Tech giant Google will face international businessman in the Irish courts in landmark case
TECH giant Google will face an international businessman in the Irish courts in a landmark attempt to force the Europe-wide suspension of an account allegedly publishing false and defamatory information.
Defamation proceedings have been issued at Dublin High Court by lawyers on behalf of Kheir Allab, a French-Algerian entrepreneur.
Despite having won a court order in Switzerland and instituted criminal libel proceedings in France, Mr Allab says he is continuing to be targeted by detractors on YouTube with videos making false and defamatory claims.
The online video sharing and social media platform is the most visited website worldwide, with over one billion monthly users and has been owned by Google since 2006.
Solicitors firm Gateley Tweed have issued the proceedings on behalf of their client in Dublin High Court, where Google's European headquarters are based.
Google is being sued for damages for defamation and for breach of the Data Protection Act and to be compelled to comply with the Swiss court order issued a year ago to remove content about Mr Allab and not allow any more to be uploaded.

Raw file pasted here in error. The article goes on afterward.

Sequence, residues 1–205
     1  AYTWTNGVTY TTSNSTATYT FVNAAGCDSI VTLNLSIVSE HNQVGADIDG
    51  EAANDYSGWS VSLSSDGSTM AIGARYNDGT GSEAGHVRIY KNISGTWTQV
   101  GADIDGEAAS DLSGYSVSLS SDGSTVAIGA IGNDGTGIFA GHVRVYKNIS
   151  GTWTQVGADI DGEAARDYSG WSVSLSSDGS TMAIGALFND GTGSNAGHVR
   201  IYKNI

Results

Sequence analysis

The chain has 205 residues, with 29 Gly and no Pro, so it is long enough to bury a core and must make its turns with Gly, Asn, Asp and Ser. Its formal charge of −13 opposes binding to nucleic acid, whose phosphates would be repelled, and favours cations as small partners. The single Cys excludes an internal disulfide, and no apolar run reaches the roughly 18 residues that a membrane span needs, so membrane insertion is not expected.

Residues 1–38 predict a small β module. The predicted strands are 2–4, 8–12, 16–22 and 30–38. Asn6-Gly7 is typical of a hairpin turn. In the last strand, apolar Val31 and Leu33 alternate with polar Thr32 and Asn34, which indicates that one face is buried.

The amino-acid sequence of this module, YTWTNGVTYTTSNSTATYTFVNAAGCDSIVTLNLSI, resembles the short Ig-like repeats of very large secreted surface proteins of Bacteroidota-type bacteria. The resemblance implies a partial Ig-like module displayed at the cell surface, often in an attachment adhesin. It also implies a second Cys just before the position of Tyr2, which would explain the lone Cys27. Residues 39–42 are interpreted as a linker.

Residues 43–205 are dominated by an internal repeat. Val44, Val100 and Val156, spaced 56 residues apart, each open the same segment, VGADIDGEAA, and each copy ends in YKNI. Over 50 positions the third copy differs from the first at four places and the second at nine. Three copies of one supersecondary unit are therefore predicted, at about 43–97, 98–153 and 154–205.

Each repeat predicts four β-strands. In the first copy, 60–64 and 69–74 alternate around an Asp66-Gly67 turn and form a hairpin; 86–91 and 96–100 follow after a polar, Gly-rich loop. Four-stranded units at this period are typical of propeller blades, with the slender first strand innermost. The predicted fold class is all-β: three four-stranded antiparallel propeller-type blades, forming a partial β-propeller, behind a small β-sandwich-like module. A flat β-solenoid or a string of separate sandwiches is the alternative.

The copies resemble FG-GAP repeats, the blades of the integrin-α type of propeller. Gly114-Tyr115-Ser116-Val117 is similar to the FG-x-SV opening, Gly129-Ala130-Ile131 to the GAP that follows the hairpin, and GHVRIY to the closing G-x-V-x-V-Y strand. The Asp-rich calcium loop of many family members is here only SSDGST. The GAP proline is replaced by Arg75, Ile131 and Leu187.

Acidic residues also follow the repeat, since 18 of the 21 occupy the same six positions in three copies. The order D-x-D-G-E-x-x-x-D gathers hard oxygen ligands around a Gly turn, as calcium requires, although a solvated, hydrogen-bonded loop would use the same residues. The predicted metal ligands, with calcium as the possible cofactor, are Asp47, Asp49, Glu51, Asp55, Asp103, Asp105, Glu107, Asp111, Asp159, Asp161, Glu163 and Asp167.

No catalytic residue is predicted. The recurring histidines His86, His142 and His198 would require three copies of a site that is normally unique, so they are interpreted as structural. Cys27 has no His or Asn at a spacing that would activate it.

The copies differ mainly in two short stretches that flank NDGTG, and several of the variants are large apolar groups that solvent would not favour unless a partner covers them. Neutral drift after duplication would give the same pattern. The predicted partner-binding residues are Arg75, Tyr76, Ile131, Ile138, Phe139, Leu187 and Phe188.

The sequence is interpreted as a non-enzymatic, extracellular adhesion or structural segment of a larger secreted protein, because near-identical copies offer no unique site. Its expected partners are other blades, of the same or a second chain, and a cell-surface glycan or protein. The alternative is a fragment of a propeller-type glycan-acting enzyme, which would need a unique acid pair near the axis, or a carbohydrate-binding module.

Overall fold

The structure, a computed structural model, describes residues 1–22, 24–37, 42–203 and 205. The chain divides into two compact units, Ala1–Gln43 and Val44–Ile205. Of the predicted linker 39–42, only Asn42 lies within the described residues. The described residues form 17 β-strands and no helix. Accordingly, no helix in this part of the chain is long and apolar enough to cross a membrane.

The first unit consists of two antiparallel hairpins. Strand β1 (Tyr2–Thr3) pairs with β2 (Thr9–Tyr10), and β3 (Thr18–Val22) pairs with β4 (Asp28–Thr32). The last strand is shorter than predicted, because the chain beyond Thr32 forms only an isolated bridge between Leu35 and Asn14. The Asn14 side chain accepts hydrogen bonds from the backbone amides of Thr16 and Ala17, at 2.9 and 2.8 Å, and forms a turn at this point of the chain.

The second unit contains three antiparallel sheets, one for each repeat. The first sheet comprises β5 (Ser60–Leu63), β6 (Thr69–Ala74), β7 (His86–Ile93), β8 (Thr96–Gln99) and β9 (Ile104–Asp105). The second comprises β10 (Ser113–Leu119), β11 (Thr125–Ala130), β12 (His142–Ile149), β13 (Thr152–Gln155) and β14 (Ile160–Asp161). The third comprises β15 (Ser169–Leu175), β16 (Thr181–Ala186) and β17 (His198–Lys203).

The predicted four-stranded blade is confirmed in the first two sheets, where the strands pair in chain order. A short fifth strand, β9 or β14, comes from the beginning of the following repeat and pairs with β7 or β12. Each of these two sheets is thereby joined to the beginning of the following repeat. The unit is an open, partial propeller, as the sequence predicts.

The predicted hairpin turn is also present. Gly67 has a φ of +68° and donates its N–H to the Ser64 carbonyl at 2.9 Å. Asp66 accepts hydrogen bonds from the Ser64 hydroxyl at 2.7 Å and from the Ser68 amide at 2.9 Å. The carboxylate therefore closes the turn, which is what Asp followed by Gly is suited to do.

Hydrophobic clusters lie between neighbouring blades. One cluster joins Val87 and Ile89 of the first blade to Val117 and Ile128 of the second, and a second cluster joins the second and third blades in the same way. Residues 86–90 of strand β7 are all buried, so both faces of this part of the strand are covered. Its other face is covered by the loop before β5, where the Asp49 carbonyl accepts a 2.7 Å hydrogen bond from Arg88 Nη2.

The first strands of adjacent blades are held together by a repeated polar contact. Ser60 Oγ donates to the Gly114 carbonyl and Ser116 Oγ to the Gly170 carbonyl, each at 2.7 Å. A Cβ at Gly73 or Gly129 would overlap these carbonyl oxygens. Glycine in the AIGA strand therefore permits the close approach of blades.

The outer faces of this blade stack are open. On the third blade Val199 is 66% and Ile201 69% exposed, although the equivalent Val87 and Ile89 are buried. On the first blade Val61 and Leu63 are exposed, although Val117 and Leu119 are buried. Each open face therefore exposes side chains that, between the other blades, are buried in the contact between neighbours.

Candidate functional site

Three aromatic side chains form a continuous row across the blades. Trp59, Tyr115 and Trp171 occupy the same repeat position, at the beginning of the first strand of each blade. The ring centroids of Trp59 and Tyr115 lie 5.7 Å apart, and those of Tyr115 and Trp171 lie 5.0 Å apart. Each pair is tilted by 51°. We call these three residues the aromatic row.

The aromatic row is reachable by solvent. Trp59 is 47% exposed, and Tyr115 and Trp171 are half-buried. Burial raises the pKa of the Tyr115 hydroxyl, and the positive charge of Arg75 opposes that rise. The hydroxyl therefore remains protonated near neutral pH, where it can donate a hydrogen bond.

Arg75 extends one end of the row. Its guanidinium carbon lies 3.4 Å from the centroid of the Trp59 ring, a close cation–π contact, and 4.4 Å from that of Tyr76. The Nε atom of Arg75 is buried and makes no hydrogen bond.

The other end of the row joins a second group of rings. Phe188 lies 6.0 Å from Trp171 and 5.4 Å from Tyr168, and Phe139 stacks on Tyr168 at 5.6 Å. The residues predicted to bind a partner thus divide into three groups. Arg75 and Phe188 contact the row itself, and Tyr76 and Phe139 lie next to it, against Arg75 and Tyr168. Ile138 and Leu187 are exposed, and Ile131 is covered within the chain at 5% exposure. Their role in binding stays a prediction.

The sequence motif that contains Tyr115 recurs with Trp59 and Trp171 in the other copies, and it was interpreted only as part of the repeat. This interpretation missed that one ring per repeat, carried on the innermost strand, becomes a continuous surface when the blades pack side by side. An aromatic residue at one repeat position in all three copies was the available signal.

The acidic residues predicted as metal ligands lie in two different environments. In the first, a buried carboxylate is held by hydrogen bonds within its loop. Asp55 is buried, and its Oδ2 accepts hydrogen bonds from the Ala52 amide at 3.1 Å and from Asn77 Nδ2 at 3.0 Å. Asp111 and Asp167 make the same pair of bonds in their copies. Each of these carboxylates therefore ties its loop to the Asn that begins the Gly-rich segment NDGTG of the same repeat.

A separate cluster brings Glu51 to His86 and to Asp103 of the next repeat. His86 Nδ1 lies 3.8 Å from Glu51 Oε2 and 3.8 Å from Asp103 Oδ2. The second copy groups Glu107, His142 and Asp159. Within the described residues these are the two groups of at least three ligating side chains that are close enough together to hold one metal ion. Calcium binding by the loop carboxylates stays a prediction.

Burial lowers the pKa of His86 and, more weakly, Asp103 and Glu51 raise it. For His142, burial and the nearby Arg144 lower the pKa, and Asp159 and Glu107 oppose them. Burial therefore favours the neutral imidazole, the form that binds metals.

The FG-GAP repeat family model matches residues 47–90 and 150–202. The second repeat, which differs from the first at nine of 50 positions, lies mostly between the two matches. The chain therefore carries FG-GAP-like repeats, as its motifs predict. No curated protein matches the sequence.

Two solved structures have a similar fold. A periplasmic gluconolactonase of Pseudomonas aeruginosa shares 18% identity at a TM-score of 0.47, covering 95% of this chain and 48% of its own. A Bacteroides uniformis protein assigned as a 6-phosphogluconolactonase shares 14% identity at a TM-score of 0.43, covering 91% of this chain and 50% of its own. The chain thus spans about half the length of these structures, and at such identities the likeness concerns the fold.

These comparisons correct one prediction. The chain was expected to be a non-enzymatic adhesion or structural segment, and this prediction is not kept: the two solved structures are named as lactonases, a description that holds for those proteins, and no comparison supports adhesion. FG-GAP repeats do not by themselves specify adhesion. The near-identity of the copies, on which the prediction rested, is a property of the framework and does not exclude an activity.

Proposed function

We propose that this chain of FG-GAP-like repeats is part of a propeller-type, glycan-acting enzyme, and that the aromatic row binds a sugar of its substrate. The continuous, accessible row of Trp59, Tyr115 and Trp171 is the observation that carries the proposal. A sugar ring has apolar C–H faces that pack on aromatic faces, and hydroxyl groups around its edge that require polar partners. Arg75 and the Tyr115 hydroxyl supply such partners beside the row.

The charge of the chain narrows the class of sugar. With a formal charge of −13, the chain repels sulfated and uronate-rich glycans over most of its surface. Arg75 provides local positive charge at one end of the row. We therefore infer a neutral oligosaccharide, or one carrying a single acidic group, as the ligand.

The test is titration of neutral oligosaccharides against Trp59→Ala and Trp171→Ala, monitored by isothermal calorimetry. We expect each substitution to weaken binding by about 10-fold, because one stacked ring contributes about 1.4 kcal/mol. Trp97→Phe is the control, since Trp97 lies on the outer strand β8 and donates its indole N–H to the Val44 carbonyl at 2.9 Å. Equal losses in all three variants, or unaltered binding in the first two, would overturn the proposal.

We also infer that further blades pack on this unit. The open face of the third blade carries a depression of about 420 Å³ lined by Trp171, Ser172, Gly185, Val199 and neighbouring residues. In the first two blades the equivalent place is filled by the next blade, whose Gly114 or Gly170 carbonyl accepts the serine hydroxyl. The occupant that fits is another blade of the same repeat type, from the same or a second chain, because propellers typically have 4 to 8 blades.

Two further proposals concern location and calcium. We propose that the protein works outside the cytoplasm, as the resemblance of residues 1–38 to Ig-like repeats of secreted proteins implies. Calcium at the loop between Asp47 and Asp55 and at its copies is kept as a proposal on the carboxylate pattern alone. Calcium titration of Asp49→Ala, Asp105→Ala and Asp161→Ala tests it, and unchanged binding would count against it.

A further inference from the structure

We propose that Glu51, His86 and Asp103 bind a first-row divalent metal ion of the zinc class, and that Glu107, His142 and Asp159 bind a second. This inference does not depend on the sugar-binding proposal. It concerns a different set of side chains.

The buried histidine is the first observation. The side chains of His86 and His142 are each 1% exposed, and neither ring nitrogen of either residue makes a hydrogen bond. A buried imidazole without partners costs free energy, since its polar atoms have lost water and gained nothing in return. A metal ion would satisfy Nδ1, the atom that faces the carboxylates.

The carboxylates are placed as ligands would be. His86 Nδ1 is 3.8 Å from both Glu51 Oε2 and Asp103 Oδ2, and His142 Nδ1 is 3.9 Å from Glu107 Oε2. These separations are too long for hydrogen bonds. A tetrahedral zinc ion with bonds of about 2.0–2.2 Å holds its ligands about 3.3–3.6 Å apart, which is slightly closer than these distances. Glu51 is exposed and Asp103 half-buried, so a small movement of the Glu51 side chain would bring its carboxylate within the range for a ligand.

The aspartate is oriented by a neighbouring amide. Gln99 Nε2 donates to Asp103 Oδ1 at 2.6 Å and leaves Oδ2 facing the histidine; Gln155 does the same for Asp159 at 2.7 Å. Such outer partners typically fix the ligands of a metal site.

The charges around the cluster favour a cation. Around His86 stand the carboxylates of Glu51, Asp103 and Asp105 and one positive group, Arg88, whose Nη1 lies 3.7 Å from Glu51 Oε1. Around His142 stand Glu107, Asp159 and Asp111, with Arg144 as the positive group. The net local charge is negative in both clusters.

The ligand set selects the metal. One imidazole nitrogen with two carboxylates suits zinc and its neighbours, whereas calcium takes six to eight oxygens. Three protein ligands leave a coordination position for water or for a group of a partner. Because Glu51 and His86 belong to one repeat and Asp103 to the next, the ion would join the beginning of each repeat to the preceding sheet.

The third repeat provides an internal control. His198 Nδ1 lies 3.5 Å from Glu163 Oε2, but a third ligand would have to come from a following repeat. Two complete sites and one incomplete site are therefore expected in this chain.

The material is described as "inaccurate" and defamatory.
A finding against them in this court would compel them to suspend the man's account and stop him posting any more material.
High-profile media lawyer Paul Tweed said his client "has had enough" and is prepared to take on the technology giant to clear his name.
"We are dealing with the dissemination of misinformtion. It is the single biggest problem that we as media lawyers are having to deal with at the moment.
"It is an ever-increasing problem which affects people right across society. This is an international businessman who has taken a case against Google, who has been complaining to Google for months and months and who is demanding it is taken down and the account be terminated but they are refusing to do so.
"The whole situation is getting out of hand. It is no different to the problem facing a shopkeeper in Belfast or Dublin who are not in a position to take such a case.
"They are not just a platform. They are the publishers of this information."
Google were contacted for a comment.